No Virus Is A Good Virus

We use computers every day and we use antivirus programs to keep our computers running smoothly. But, sometimes no matter what we do we get a virus and some of them are a pretty major deal. Here are just a few of the most harmful viruses that we have witnessed in the last few years:

Back in 2004 a worm named Sasser was discovered. It worked to slow down your computer and in most cases computers would crash. It was hard to reset after an infection and it basically rendered a computer useless. Millions were effected as the worm took advantage of a buffer overflow vulnerability which controlled the security policy of local accounts. Luckily there was a patch put in place to help stop the spread of the virus but it is estimated that another million users got it anyway as they didn't update after the patch fix was in place. All told, Sasser caused $18 billion in damages and took out critical computer infrastructures around the world.

Another worm, this one called Conficker appeared in 2008. It was also known as Downup or Downadup but whatever you called it you hoped you didn't become a victim. It infected computers using flaws in the operating system to create a botnet. About 9 million computers were infected worldwide including those used by governments, big businesses and the individual. Over $9 billion in damage happened as a result of Conficker which would reset account lockout policies, and block Windows updates. It would also randomly turn off services and lock out user accounts. After all of this, it then turned the computers into botnet slaves to scam the user out of money. Thankfully, this is now a thing of the past as the flaws have been fixed and this virus is just one for the history books.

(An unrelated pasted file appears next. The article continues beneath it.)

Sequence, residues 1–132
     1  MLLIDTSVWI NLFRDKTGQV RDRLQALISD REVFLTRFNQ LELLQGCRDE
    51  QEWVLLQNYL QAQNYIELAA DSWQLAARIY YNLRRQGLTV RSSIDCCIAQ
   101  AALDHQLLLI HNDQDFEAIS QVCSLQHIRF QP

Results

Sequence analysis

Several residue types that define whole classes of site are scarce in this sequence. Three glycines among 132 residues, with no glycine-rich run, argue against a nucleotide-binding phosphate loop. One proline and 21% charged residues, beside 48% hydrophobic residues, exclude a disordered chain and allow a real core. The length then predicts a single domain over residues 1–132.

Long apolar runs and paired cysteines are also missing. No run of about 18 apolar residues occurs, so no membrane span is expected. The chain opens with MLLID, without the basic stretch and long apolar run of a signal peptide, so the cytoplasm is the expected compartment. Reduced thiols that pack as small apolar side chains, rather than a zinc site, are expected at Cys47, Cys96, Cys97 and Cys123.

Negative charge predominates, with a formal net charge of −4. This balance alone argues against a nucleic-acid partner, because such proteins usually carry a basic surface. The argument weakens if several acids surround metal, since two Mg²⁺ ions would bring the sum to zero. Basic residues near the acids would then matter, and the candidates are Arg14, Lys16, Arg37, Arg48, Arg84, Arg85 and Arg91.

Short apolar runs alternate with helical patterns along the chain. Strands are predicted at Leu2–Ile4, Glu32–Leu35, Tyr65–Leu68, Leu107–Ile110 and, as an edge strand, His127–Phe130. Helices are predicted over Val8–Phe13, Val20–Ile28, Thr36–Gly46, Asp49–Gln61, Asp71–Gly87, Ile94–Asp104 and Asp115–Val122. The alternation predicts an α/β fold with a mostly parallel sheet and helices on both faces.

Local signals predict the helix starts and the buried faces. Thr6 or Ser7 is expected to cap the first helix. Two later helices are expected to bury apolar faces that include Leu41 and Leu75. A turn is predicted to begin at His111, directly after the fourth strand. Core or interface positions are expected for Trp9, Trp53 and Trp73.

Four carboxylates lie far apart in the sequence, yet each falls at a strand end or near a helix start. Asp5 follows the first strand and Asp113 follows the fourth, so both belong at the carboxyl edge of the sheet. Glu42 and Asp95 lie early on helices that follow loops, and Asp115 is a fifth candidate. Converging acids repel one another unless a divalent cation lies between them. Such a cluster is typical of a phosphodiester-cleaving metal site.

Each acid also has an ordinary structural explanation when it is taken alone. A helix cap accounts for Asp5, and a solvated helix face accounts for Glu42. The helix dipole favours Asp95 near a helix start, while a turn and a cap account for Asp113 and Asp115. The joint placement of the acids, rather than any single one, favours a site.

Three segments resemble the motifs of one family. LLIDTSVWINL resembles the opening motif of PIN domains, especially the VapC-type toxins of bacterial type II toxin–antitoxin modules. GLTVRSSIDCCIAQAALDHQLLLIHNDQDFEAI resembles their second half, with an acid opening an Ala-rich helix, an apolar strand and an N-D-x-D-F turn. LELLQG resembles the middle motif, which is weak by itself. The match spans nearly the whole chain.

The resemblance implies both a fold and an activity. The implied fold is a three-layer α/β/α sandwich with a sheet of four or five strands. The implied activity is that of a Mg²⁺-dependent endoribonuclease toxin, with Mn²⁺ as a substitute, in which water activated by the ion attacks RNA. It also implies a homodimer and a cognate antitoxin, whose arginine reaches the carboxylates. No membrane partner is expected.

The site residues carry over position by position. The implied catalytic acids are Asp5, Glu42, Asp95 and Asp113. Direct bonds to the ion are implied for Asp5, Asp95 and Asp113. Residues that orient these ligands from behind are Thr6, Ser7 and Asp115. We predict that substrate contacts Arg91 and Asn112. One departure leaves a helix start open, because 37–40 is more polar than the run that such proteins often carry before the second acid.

Yet another worm was identified in 2004, this one called Mydoom. This one was fast spreading and went out as an email transmission error. It contained an attachment of itself and automatically sent itself to everyone on your mailing list. Like other worms, it too opened backdoor access for remote access and launched a denial of service attack on the SCO Group. This worm was a major deal, as it caused over $38 million in damages and lost productivity.

As computers get more technical so to do those that mean them harm. What will be the next one to attack our computers? Stay tuned.

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